Fact-sheet: Alcohol and the effects
Alcohol is a widely used psychoactive (mood-changing) drug in Australia, it is often part of relaxing with friends, celebrating or commiserating. However, alcohol is also a significant cause of injury and ill health, violence, crime, family breakdown, road accidents, loss of productivity in workplaces and death in Australia.
How Alcohol Affects You
The 2016 National Drug Strategy Household Survey of Australians found that:
- For most age groups about one in five drank at levels that put them at risk of harm from alcohol-related disease or injury over their lifetime.
- Around one in three people aged 12 and older drank at least once in the last 12 months at levels that placed them at risk of an alcohol-related injury.1
The Australian Bureau of Statistics reports that alcohol was the direct cause of 1,366 deaths, and a contributing factor in 4,186 deaths in 2017.
Alcohol was also the most common drug that Australians undertook a phase of treatment for in 2017-18 and was the principal drug of concern in 34% of all treatment episodes.3
This fact sheet outlines some of the ways that alcohol can affect sporting performance and provides some strategies that can be used to minimise the risk of harms.
Immediate and short term impact of alcohol
Alcohol can affect a person’s sporting performance and recovery afterwards.
Hangovers: If a person drank a lot at night they may still have a high concentration of alcohol in their bloodstream the following day. They may experience a range of symptoms such as headaches, fatigue, shakiness, nausea and vomiting.
Slower reflexes and reduced coordination: Drinking even a small amount of alcohol before, or during, a game can affect a person’s reaction time, reflexes, balance, hand-eye coordination and motor skills. This can affect a person’s speed and performance and increase the risk of injury.
Dehydration: After exercising, the body needs to be rehydrated. Alcohol can cause further dehydration by suppressing a hormone that affects the efficiency of the kidneys to reabsorb water.
Reduced performance and stamina: To perform at its peak, the body undergoes a number of processes, including releasing glucose into the blood stream for energy and removing waste products generated by muscles. If a person has consumed alcohol their body also needs to break down the ethanol, this process combined with dehydration can decrease a person’s performance and stamina.
Increased risk of inappropriate behaviour: Alcohol can cause people to become more relaxed and make them feel more confident. This can increase the likelihood that they may respond to a situation in an inappropriate way during a match. For example, they may become aggressive or violent towards other players/competitors, officials or spectators.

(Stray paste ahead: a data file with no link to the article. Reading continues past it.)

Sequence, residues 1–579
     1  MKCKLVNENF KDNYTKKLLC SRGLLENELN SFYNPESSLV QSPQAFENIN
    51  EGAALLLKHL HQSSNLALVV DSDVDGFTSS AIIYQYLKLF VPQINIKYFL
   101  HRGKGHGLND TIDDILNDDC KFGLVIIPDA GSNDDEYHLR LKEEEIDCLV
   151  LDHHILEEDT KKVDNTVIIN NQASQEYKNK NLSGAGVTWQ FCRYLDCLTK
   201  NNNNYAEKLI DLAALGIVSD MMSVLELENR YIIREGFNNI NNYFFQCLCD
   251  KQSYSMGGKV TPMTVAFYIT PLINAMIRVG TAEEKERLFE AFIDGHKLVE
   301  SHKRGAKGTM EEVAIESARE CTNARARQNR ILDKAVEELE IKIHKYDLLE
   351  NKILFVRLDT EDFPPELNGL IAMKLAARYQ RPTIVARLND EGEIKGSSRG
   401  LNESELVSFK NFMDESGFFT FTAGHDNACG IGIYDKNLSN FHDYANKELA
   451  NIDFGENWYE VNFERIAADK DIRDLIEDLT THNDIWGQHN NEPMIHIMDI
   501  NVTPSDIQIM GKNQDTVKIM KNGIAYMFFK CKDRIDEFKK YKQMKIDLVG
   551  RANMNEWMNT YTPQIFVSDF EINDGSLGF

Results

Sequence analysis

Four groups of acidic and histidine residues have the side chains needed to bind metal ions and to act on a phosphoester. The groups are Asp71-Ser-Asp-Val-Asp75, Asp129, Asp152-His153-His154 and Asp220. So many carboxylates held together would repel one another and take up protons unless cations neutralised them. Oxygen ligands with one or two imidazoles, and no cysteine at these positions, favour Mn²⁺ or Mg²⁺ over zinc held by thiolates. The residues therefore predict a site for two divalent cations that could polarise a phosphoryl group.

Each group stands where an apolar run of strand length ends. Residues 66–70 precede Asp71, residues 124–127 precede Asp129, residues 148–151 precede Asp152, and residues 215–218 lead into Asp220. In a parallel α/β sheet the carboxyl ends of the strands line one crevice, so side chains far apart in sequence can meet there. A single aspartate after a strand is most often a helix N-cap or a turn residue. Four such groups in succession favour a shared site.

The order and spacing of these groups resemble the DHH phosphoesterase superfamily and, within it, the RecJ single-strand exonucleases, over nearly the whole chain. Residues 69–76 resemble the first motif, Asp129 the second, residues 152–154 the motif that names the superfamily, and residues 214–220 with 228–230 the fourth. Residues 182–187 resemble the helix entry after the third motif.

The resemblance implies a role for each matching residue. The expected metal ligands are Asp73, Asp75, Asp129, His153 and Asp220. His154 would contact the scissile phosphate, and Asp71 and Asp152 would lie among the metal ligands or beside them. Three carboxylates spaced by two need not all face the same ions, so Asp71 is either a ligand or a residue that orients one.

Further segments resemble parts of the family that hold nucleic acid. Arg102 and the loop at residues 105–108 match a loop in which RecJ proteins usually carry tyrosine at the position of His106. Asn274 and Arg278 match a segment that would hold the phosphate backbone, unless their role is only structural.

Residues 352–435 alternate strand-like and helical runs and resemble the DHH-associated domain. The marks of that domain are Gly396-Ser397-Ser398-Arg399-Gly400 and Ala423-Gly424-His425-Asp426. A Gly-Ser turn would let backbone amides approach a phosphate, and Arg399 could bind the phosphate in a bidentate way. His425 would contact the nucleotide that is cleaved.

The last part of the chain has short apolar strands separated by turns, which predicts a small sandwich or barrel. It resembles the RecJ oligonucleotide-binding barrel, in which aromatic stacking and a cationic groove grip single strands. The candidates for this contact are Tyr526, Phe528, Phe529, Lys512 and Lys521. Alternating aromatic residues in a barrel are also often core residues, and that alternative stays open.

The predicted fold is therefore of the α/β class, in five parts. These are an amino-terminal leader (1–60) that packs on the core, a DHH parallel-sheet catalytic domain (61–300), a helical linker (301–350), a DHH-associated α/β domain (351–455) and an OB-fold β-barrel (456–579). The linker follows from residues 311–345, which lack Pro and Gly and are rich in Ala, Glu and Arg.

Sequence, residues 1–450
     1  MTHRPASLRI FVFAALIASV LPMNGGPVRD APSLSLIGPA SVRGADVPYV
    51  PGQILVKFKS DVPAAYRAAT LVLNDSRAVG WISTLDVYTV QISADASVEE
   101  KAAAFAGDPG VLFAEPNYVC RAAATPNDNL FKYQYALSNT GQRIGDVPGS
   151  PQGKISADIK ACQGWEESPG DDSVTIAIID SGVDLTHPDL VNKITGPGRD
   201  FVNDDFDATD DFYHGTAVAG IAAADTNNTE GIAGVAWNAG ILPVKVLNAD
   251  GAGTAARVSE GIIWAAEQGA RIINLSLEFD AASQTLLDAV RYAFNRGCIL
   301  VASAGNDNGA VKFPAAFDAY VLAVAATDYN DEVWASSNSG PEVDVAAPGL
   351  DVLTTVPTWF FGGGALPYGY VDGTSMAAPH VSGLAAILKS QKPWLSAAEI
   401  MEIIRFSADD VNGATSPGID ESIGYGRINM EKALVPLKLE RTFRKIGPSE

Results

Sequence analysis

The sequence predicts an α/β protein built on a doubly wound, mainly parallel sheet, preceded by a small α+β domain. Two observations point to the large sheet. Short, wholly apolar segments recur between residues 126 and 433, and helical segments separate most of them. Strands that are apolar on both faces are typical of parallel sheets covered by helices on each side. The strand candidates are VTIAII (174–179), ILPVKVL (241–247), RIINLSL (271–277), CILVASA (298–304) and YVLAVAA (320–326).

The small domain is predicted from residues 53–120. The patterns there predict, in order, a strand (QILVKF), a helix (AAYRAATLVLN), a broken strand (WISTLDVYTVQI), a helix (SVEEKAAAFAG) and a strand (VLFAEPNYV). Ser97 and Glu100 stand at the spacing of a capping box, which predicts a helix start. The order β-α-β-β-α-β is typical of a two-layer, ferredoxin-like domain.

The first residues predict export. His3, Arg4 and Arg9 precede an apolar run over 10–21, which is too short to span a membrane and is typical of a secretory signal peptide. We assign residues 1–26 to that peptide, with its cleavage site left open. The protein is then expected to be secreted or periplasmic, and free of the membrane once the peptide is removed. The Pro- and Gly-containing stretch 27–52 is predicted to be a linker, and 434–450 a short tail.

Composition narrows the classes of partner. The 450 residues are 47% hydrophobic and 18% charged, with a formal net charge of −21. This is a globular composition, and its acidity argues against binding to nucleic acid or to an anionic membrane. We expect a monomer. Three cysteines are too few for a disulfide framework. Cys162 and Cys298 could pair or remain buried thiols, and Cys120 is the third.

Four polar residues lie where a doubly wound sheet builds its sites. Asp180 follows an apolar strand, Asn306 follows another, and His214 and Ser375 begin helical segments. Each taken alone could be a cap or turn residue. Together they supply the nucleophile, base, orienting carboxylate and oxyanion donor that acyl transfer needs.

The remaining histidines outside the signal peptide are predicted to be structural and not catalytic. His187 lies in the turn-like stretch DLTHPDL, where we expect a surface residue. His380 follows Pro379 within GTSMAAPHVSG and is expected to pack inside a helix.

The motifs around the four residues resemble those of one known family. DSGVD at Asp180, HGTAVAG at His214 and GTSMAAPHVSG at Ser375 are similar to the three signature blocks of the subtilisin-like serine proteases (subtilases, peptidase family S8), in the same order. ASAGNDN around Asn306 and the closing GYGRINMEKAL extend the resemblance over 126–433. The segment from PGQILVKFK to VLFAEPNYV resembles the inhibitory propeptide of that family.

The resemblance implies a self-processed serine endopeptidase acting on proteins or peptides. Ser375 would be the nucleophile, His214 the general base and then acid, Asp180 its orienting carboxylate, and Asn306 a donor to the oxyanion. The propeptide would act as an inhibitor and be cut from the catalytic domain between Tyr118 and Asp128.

Soft tissue injuries take longer to repair: Treating a soft tissue injury involves reducing blood flow to the area, however alcohol increases blood flow and swelling to the area and as a result can increase recovery time.
Impact on general recovery: Drinking alcoholic drinks before, during or after a game can affect a person’s ability to make decisions. For example, a person may not carry out the appropriate recovery strategies to help their body refuel, rehydrate and repair itself after exercise. Injury management strategies and rehabilitation may also be neglected.
Longer term impact of alcohol
Over the longer term, alcohol can cause a number of health and social problems that can impact on a person and their sporting performance.
General health: Heavy consumption of alcoholic drinks over time can cause many health problems and damage many parts of the body. For example, it can cause heart and liver disease and increase the risk of various types of cancers. There is also evidence that heavy alcohol consumption can cause muscle weakness and loss of muscle tissue.
Weight management: Not only is alcohol high in kilojoules it is also associated with poor food choices. There is also evidence that if a person eats high-fat foods while drinking alcohol, the fat in these foods is unlikely to be used or stored properly in the body as the body prioritises the metabolization of alcohol.
Social problems: Alcohol can affect relationships. There may be conflict among team mates if a person continuously misses training, turns up with a hangover, performs poorly or embarrasses the team/sport through poor behaviour.
Mental health issues: There is a relationship between alcohol and poor mental health. Some people may use alcohol in an attempt to cope with their mental health issues; however, there is evidence that for some people, alcohol can increase the risk of mental health conditions such as depression and anxiety.
Minimising the risks